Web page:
Matter Design Has One Foot in Antiquity and Another in the Digital Age
Evolving technologies and a love of lost knowledge are the main drivers in Matter’s research.
Built to half scale, the Helix spiral staircase is composed of interlocking, precast concrete pieces.
Courtesy Matter Design
In the spring of 2010 Brandon Clifford and Wes McGee held an online charrette to plan their entry in the Modern Atlanta 10up competition. The contest challenged teams to build a 10-by-10-foot, temporary installation that could be assembled in 24 hours at a cost of no more than $4,500. Clifford, who was finishing a master’s degree in architecture at Princeton University, suggested a classical Roman or Greek column composed of solid elements. McGee, who had just begun his first semester teaching at the University of Michigan, suggested crafting the elements out of Styrofoam. The result was Periscope—a 50-foot structure built of digitally cut EPS foam that, when assembled, formed curves resembling the folds of a cloth tent.
“Brandon tends to take the lead on the design perspective,” says McGee, a partner with Clifford in Matter Design, the studio and research initiative the pair founded in 2008, which was awarded the Architectural League Prize this year. “I tend to think of fabrication. But we both have an interest in working with real materials. If a project can’t be built, we’re not even going to look at it.”
McGee and Clifford first met in the Advanced Wood Products Laboratory at the Georgia Institute of Technology. On paper they had little in common; McGee was a graduate student in industrial design with a bachelor’s degree in mechanical engineering. Clifford was an undergraduate in architecture with a strong interest in theory and history. They ended up bonding over furniture. “As a kid, my favorite television show was the New Yankee Workshop on PBS,” Clifford explains. In 2007, with Clifford already working as an architect in Boston, McGee came to the Graduate School of Design at Harvard University to run its digital fabrication lab (Clifford recommended him for the job). The following year they created Matter Design.
The studio balances old-world concerns with digital-age capabilities. La Voûte de LeFevre (above) is a compression-only plywood vault completed in May 2012.
Courtesy Matter Design
The studio is an intriguing paradox, with one foot in antiquity and another in the computer age. Along with Periscope, its major projects include La Voûte de LeFevre—a birch-plywood vault held in place entirely by its own weight, and Helix, a spiral staircase built from unreinforced concrete treads that lock together like stones in Incan walls. Matter Design also produces furniture, jewelry, and, once, a digitally drawn dress.
A part of its research aims to transpose ancient techniques such as custom masonry into forms that make sense in a world of expensive labor, dwindling resources, and digital fabrication. Another vein attempts to invert the traditional relationship between designer and maker—to shatter the binary paradigm wherein the architect draws and the contractor builds.
The son of an astronaut, Clifford still prefers the argot of the ancien régime to that of modernism. One of his favorite referents is Philibert de L’Orme, a sixteenth-century French architect who invented a new method of architectural drawing—the trait geometrique. “It was a two-dimensional drawing that, when wrapped around a block of stone, showed the mason exactly where and how that stone should be cut,” says Clifford, who is also a lecturer in architecture at the Massachusetts Institute of Technology. “With these precisely carved pieces, they were able to create magnificent vaults.”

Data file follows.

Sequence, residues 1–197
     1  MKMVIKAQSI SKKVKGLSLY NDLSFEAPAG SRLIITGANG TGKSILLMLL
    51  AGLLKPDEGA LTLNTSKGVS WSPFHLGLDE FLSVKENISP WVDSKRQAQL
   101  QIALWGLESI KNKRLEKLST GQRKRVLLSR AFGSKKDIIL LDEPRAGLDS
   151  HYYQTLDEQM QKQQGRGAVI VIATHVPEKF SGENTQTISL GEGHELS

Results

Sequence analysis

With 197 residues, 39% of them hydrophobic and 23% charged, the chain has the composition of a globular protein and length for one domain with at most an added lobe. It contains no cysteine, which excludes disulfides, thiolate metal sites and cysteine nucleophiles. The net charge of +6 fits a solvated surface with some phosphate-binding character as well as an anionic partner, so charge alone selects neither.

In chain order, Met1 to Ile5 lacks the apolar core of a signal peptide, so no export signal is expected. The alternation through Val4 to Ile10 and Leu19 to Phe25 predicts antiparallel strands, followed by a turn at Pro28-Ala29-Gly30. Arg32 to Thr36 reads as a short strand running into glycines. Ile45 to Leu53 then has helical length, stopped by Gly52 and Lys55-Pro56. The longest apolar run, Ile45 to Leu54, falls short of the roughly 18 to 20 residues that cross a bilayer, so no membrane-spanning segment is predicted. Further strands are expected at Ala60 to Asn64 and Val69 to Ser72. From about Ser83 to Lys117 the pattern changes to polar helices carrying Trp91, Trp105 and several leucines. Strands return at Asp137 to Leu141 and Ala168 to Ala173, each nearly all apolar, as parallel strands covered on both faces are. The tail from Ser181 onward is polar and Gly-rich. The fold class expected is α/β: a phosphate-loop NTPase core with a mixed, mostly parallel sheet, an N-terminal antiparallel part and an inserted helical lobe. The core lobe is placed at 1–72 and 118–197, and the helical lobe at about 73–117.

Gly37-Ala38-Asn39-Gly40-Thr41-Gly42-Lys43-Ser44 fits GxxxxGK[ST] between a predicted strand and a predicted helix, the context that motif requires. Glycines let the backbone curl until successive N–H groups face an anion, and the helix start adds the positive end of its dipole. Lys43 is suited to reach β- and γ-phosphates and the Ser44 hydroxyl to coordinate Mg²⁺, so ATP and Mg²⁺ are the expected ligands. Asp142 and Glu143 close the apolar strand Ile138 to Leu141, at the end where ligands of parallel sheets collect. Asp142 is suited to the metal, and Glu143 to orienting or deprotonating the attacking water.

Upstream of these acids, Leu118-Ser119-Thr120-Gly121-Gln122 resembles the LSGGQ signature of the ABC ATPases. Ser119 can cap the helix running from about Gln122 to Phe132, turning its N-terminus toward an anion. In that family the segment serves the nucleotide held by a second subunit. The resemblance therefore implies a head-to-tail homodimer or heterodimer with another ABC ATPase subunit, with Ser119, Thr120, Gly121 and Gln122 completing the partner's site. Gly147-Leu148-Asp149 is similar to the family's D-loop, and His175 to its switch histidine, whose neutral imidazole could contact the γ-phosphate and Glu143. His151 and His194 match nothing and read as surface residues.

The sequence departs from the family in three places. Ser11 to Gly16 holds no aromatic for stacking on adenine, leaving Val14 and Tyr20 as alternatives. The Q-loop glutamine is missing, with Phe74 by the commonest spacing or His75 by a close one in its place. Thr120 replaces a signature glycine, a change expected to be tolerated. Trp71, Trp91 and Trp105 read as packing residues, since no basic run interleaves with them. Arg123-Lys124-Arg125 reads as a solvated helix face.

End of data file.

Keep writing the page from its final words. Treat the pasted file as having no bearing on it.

The duo’s most recent project is Cumulus (above), a collection of 3-D printed jewelry.
Courtesy Matter Design
While Periscope grafted Renaissance forms with contemporary materials and advanced technology, the workflow during that project still was from the late twentieth century. McGee and Clifford proceeded in linear fashion from CAD to CAM, and finally to computerized machine-code files. “It’s a limited method,” says McGee. “At every step there’s a translation. You can’t really modify things in real time. But it’s different today. We are literally seeing 3-D simulation of robotic equipment as we draw. This gives us an environment that provides feedback between design and manufacture right at the design phase.”
Evolving technologies and a love of lost knowledge are the main drivers in Matter’s research. The firm’s greatest asset, however, is its agility. This past January, Clifford visited the display space at the Boston Society of Architects (BSA) on Congress Street. Matter had been invited to contribute to Design Biennial Boston 2013—the BSA’s showcase of young regional design talent. Halfway through his tour, Clifford paused at a rail overlooking an open stairwell. He’d recently returned from a three-month architectural journey on a $50,000 SOM grant—a tour that exposed him to, among many other elements, spiral architectural forms in South America, Europe, and Asia Minor. “We could build a spiral staircase,” Clifford wrote, on the spot and entirely in jest, to McGee. “I could cast concrete treads,” McGee fired back from his Michigan office, his partner’s sarcasm apparently filtered out on Gchat. One month later, the Helix staircase was installed.